Please note that for different weapons, the legal places are different. For Tower01 sprite, it could not put to a place touching path, water or hitbox. The hitbox is a transparent circle surrounding each weapon clone. Not allowing to touch hitbox means that the game does not allow two weapon clones to be deployed too close.

Next, after the user selects a weapon, but presses x key or clicks mouse in the toolbox area, the user could cancell the selection. The weapon clone is also deleted. The program will set “Selected?” variable to 0, so that user could continue selecting other weapons.

Let’s continue analyzing this segment. After putting the Tower01 weapon to a proper place, the next step is to repeat scaning and reloading. “Scan” is to find the nearest enemy to shoot. “reload” is to create bullet clone after cooling down time.

In “reload” block which I will explain below, it sets “bullet?” variable to 1 and creates weapon clone after cooling. When “bullet?” is 1, the above mentioned “when I start as a clone” segment will switch to run the 2nd channel. The weapon clone will use costume 2, and move along the direction specified in “scan” block for 20 steps each time and repeat 15 times. If touching enemy or edge, delete this clone.

“scan” Block Definition

Remember we mentioned the “enemies” list when introducing Enemy sprite above? This list stores the x and y positions of each enemy clone. Therefore, “length of enemies / 2” returns total amount of enemies clones. The block again calls another block “distance to” to acquire the distance between the Tower01 clone and each enemy.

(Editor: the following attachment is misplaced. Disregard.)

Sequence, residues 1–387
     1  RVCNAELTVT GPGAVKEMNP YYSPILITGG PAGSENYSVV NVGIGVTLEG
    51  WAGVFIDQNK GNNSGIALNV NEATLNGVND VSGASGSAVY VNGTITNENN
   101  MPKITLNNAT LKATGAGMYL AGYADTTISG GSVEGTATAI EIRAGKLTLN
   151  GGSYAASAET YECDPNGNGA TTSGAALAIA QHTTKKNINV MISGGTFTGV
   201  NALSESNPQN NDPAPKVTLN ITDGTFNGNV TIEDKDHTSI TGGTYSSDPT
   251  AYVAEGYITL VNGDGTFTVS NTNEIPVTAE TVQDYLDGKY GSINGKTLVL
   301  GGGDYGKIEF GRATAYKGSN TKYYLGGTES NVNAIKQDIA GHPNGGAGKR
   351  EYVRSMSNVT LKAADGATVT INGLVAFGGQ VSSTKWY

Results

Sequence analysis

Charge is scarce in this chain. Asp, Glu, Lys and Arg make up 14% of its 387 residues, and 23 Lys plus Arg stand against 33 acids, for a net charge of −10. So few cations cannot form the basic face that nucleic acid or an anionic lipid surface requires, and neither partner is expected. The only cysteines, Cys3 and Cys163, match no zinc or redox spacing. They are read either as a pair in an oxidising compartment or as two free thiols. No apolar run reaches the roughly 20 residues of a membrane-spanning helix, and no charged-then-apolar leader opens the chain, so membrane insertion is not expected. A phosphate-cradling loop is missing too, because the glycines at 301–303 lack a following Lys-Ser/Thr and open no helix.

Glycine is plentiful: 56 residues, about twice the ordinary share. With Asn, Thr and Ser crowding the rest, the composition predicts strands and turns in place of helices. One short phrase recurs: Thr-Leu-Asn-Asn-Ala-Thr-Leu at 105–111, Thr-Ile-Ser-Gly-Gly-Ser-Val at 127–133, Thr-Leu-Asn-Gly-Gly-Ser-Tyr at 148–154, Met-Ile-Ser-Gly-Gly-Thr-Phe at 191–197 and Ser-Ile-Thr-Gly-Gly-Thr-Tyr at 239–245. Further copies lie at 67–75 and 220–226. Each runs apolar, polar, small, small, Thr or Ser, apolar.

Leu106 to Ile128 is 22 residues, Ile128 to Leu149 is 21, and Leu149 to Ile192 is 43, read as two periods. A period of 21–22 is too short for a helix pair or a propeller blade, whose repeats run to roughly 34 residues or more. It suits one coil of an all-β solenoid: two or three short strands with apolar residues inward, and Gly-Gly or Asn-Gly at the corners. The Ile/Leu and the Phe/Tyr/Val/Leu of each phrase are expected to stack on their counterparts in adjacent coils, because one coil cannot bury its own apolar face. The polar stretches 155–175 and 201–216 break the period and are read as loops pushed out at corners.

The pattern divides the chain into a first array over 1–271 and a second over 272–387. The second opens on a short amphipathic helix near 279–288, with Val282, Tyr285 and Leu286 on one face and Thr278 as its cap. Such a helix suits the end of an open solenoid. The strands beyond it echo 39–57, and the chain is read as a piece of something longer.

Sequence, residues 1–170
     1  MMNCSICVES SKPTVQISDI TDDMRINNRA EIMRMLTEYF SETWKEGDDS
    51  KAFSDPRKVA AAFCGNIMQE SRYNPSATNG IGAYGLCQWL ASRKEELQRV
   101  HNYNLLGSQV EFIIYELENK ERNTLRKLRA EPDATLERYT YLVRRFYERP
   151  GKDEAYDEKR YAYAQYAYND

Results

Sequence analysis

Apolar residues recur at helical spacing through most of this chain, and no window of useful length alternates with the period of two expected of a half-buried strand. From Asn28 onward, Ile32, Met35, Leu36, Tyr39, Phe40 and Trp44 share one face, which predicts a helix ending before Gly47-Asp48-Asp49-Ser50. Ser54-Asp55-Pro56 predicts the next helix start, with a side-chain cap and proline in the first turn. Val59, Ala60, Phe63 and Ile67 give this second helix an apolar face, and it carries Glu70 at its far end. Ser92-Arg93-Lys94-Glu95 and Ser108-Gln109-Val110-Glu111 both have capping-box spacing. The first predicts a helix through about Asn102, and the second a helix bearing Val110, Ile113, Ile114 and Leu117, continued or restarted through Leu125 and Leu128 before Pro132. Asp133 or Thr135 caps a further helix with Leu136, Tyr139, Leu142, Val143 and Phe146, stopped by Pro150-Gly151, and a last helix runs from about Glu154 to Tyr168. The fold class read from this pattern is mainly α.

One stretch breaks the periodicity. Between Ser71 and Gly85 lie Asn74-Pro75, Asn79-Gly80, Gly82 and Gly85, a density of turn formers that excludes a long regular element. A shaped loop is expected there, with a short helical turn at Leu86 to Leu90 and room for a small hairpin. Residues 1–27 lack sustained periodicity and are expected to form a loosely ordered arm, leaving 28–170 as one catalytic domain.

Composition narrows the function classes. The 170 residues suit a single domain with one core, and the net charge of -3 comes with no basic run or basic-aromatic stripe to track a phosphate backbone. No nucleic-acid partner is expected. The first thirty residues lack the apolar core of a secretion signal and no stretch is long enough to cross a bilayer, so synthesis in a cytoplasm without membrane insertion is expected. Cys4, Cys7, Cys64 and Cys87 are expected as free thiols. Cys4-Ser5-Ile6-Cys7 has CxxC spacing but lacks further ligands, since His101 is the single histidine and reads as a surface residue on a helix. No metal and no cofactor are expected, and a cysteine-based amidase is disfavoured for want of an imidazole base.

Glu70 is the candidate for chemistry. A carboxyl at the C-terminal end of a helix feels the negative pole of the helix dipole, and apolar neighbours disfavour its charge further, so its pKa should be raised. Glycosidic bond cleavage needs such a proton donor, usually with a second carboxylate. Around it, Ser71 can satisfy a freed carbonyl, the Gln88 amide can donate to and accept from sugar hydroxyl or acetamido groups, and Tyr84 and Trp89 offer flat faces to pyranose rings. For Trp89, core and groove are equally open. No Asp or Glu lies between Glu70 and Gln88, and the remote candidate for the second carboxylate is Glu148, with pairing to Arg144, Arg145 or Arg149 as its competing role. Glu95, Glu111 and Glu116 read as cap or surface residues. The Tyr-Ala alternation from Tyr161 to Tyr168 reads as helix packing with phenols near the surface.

For Tower01 sprite, when the nearest enemy clone is not far more than 150, it is within the valid shooting range. Tower01 clone will point toward that enemy as the target.

“reload” Block Definition

This block is simple. It repeats until cooldown variable is 0. After that, it sets variable “bullet?” to 1 and creates bullet clone. Finally, it will reset “bullet?”variable to 0. Otherwise, it is too frequent to generate bullet clones.

“distance to” and “point towards” Blocks

The “distance to” block uses sqrt method to find the distance between two points. “point towards” block uses atan method to calculate the angle between two point and 0 direction, which represents the direction of the weapon bullet. Since atan method returns a degree between -PI/2 annd PI/2, while Scratch 3.0 direction ranges from -PI to PI, for some degrees, the atan result should turn 180 degrees to get correct direction.

That is all for the analysis of the two core sprites – Enemy and Tower01. There are other auxilliary but important sprites. I will not analyze them here and leave for readers to understand their design and functionality. Anyway, enjoy the coding and have fun!

Note: All the analysis articles are copyright products of http://www.thecodingfun.com. Anyone re-posting them should credit author and original source. Anyone using them for commercial purposes or translating them into other languages should notify TheCodingFun and get confirmation first. All Rights Reserved.